No to long before the days of MySpace, Facebook, twitter and whatever new form of social media created in the last 5 minutes, if you wanted to know what was going on in your neighborhood you one of your choices was to check out a local Kiosk. Usually covered in at least three feet worth of old band posters, pot luck flyers, and have you seen this dog/fish/chipmunk notices, the kiosk was a living source of community information. 

 

moonrise / Fotolia.com

Mention “lead” these days and Flint, Michigan and its contaminated water supply is probably the first thing that comes to mind. 

But the crisis spotlights issues facing much of the nation.

Courtesy of The Home & Garden Show

Whether its cleaning off or furnishing a patio, planting the first flowers or vegetables of the season or springing for new windows, new landscaping or new plumbing,  the organizers of the annual Milwaukee Realtors Home and Garden Show are aware that the shift in seasons brings spring cleaning and home improvement. 

Kevork Djansezian / Stringer / Getty Images

A major investigative piece from the New York Times says the NFL's studies on concussions from 1996 through 2001 were grossly flawed. The league has long relied on the data from those studies to back their claim that the verdict is still out on long-term health effects of concussions.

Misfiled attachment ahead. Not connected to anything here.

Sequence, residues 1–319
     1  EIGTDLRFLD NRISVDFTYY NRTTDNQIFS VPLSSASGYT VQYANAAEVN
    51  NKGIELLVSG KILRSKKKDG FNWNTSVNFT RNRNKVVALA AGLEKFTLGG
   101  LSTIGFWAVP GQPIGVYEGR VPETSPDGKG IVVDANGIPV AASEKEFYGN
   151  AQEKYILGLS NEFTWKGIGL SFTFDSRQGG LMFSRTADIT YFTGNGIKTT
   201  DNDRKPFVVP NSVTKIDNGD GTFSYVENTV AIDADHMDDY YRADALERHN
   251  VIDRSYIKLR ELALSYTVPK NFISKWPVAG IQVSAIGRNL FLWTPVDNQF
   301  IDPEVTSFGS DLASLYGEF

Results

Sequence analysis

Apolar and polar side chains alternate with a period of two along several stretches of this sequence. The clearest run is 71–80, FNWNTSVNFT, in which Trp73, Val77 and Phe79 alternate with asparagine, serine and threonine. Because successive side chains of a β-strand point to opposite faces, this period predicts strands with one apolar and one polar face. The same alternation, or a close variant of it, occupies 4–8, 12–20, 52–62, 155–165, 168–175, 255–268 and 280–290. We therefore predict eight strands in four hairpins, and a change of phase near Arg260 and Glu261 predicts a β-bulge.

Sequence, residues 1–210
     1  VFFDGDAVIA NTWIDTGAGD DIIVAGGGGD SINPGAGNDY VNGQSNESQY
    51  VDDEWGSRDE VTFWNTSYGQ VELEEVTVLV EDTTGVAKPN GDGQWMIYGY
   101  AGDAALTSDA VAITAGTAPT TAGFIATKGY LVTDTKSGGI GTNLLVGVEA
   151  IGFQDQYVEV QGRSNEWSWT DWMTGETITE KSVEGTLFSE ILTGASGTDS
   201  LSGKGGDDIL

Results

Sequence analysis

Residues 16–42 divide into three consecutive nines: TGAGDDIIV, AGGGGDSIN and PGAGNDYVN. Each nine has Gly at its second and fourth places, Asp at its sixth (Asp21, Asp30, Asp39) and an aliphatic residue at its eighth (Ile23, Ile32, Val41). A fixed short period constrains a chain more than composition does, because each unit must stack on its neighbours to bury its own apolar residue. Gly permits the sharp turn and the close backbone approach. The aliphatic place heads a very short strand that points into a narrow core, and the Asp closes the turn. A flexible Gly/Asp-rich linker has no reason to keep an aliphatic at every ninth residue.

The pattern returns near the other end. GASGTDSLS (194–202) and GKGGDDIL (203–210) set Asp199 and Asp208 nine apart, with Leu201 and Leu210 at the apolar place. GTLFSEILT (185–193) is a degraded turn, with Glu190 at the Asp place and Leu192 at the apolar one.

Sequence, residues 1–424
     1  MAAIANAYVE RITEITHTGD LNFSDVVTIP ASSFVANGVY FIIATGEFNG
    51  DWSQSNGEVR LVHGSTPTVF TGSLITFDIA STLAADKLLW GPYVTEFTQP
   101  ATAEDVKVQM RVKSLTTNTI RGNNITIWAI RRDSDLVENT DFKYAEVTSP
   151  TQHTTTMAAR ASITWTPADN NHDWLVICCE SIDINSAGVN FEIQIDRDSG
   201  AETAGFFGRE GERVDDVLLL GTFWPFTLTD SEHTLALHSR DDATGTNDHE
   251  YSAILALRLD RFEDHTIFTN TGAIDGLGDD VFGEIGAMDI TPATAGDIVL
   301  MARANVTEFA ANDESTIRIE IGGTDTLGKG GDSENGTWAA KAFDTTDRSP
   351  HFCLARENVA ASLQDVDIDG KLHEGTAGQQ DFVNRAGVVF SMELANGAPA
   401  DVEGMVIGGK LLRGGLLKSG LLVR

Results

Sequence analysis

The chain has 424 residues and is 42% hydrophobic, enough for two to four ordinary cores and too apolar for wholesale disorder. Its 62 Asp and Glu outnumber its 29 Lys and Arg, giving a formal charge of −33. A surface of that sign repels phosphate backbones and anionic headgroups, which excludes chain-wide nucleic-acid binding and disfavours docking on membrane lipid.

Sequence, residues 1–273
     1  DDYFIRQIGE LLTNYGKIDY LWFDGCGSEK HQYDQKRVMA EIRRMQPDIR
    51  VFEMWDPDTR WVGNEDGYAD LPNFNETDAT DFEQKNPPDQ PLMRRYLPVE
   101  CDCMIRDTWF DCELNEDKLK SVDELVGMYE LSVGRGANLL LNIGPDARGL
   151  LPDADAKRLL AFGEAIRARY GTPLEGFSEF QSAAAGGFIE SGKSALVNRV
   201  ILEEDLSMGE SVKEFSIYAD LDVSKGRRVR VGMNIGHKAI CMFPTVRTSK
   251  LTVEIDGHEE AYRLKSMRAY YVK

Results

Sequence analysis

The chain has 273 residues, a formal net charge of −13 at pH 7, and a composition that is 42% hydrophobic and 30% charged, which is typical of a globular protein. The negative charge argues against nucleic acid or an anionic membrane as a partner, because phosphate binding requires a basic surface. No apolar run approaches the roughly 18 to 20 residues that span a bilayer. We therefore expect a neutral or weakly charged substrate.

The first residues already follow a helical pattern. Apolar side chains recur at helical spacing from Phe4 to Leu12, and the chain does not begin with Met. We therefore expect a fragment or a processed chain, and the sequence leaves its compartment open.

Bonnie North

Today is the third installment of the monthly music series The Monthly Beatdown featuring Milwaukee singer-songwriter John Sieger.

Once a month on Lake Effect, Sieger brings friends and fellow musicians into WUWM's performance studio to play and chat.

This month, his group is composed of fellow R&B Cadets Paul Cebar and Robin Pluer to play Kidnap You Baby.

peresanz / Fotolia

Despite the winter-like conditions to the west of us, we know that warmer weather is on its way. And with warmer weather comes a new spring sky to gaze at.

Astronomy contributor Jean Creighton notes that the Big Dipper and Cassiopeia are circumpolar, or visible in our latitude year round, but will change positions to be closer to the horizon.

ayadakhtar.com

If you studied economics, you know about the “invisible hand.” Adam Smith first used the term in the 18th century to make the case that the self-interest of people in the marketplace does lead to greater benefit for everyone.

Little Creek Press

Former Democratic State Senator Tim Cullen has had a close-up view of Wisconsin politics for a longtime. The Janesville native worked in politics for many years.

Originally, Cullen had hoped to become a high school social studies teacher, but once he started working for former Congressman Les Aspen, he found himself drawn to politics. After jobs ranging from congressional staff to State Senate Majority Leader to Republican Governor Tommy Thompson's cabinet, Cullen worked outside of politics for 20 years.

Mitch Teich / WUWM

Writer Sara Baume visited Milwaukee recently to promote her first novel, Spill Simmer Falter Wither. It was published to critical acclaim in her home country of Ireland.